Subacute or chronic HP, the common form of the disease in children, arises from more prolonged contact with smaller amounts of the antigen. Typical symptoms include:

  • dry cough;

  • exercise intolerance;

  • weight loss;

  • fever;

  • wheezing episodes.


In acute disease, the child may look unwell, with respiratory distress and inspiratory crackles. In subacute and chronic disease, findings include:

  • inspiratory crackles;

  • finger clubbing;

  • hypoxia;

  • tachypnoea;

  • evidence of pulmonary hypertension in long-standing disease (right ventricular (RV) heave, loud P2, enlarged liver).

Differential diagnosis

The differential diagnosis in a previously well child with a history of cough and exercise intolerance lasting for several weeks includes the following.

  • Asthma.

  • Atypical infection:

    • Chlamydophila pneumoniae;

    • Chlamydia trachomatis (in infants, can be associated with eosinophilia);

    • Mycoplasma pneumoniae.

  • TB.

  • Immune deficiency, including HIV, either alone or combined with an opportunistic infection (EBV, CMV, PCP).

  • Cardiac disease, including cardiomyopathy.

  • Pulmonary arterial hypertension, either primary or secondary (including secondary to chronic HP).

  • Sarcoidosis.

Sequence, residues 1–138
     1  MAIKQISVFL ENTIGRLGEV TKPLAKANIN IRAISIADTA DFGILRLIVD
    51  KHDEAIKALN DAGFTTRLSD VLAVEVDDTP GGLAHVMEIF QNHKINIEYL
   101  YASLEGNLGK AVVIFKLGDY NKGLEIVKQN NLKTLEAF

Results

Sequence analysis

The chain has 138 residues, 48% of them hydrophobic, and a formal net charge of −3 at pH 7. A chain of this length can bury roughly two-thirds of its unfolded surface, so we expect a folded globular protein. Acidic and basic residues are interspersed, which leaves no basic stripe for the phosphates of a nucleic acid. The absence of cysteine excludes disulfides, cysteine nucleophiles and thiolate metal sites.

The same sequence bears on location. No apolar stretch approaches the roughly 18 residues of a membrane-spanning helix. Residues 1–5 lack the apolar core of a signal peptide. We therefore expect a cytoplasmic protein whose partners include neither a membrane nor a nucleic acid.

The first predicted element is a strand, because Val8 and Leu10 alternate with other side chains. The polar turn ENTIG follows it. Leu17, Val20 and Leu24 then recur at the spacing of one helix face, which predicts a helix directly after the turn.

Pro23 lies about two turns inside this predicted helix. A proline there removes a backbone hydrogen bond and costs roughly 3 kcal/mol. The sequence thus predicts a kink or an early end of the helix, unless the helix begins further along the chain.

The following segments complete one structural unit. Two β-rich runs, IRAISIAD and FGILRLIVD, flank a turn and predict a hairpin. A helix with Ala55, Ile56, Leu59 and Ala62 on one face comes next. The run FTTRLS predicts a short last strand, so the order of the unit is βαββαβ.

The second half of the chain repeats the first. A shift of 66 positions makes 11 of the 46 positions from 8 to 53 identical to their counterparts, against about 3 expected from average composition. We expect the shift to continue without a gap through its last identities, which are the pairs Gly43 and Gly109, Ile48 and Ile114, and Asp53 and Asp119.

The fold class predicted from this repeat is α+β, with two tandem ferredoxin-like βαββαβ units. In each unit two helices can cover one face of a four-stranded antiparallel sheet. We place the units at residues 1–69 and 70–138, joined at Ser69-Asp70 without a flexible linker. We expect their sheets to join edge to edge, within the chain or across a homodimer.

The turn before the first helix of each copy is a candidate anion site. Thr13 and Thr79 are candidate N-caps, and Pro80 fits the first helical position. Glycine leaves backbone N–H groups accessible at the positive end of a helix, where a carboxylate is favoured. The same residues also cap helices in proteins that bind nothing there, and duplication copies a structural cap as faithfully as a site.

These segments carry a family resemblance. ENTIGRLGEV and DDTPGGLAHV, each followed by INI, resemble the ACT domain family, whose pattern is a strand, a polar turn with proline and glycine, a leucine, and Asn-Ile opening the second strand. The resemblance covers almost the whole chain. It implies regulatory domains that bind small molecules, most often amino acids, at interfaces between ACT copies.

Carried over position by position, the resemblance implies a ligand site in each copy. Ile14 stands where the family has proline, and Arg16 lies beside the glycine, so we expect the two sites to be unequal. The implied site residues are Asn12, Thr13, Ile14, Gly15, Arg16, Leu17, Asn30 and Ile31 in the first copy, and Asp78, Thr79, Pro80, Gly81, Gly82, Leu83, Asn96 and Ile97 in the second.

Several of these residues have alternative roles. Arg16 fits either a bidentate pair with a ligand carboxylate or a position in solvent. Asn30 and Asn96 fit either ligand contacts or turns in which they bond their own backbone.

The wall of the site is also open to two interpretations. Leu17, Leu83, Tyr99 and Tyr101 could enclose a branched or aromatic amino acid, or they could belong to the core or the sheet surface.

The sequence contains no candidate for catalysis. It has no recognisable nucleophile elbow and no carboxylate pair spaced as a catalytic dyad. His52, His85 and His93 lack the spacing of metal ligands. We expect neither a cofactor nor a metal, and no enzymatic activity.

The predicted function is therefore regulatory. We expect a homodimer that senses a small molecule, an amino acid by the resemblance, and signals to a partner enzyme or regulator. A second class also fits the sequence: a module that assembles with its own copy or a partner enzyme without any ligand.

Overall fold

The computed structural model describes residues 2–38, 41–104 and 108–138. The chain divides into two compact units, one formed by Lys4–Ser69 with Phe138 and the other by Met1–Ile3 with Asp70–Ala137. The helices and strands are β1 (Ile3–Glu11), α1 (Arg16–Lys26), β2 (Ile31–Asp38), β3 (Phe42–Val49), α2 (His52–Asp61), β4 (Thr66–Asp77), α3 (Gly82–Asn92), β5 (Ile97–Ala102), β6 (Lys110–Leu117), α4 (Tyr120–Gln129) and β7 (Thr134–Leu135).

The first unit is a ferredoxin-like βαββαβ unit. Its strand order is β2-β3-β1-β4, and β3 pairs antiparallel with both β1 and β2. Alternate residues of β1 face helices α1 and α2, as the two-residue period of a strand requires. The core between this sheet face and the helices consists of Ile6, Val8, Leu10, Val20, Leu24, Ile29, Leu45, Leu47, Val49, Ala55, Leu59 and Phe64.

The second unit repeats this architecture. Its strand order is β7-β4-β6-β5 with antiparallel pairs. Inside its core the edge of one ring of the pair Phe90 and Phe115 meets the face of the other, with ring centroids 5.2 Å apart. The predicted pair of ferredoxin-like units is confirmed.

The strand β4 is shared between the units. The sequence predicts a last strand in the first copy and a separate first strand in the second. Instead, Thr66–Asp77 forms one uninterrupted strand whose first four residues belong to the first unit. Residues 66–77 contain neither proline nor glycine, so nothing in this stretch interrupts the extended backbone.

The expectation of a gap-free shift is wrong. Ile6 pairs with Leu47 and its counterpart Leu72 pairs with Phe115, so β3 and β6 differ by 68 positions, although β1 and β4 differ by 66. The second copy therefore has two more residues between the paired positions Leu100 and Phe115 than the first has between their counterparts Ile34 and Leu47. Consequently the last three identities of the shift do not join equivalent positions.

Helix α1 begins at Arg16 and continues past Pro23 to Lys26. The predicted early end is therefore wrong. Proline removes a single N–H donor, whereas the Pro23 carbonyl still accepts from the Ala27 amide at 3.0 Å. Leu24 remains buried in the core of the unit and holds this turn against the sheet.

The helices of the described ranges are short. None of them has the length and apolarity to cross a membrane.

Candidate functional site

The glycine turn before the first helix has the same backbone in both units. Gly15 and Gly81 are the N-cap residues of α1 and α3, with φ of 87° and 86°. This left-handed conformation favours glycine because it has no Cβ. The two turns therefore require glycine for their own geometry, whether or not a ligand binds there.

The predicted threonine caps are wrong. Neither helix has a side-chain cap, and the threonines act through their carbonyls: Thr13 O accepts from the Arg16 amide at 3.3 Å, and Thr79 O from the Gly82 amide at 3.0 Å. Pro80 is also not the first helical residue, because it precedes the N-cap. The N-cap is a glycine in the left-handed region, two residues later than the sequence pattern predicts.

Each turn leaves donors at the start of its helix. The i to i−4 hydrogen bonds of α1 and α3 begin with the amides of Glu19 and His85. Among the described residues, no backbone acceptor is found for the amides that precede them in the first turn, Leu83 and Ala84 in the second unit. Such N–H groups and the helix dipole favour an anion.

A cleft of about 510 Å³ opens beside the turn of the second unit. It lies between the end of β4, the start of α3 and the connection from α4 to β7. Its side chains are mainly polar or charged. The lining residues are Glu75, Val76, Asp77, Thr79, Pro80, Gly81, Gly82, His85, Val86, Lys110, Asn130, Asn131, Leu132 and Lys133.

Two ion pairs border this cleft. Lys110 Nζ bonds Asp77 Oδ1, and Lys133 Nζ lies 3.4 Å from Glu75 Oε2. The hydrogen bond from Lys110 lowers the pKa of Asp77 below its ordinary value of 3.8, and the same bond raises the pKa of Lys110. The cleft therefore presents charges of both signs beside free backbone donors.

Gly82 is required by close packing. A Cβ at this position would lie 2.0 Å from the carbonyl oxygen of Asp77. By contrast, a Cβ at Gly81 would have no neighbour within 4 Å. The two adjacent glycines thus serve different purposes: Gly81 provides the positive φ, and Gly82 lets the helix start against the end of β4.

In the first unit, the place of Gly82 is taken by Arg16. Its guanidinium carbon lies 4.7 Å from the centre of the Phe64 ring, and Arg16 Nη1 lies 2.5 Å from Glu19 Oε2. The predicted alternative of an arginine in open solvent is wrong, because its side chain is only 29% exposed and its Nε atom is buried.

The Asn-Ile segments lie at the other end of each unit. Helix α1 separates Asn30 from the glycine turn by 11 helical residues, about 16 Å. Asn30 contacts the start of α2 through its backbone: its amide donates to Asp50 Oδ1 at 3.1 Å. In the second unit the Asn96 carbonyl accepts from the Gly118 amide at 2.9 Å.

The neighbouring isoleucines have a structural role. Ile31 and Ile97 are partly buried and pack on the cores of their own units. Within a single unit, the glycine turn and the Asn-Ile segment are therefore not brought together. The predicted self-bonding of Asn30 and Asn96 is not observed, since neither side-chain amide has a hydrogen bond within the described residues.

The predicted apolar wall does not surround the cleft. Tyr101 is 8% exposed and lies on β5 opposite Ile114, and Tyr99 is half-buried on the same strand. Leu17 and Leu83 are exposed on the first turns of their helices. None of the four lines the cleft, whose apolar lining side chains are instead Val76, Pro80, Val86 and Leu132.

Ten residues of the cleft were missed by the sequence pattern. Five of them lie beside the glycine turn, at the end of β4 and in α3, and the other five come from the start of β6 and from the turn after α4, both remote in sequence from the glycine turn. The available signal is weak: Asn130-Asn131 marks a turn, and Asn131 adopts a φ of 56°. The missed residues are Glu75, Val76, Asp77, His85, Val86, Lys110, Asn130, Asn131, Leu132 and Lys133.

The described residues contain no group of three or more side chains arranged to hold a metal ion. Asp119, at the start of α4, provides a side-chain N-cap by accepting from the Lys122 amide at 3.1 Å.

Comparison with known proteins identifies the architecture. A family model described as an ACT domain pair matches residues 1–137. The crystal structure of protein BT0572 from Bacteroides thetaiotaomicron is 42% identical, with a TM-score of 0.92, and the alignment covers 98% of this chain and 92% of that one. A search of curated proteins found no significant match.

• Other forms of ILD.

  • PIE.

Investigations and diagnosis

The diagnosis is not straightforward. There is no simple diagnostic test. Immunological tests indicate exposure but do not indicate that the symptoms a child has are due to a hypersensitivity reaction. Careful investigation and consideration of other causes is usually necessary. Investigation of a child presenting with the symptoms as described will include the following.

  • CXR: typically shows diffuse reticulonodular or micronodular infiltrate. However, early in the disease, it is often normal.

  • Lung function tests, including DLCO. There is usually evidence of restriction with a decreased DLCO. A mixed pattern, including obstruction, may also be seen. It is usually only possible to measure DLCO in children >8–10 years of age.

  • Resting and exercise oxygen saturation. In severe disease, there may be resting hypoxia. In milder disease, desaturation may become apparent only on exercise.

  • Blood tests:

    • FBC and film: the leucocyte count may be elevated; 10% have eosinophilia;

    • Total Igs, including IgE;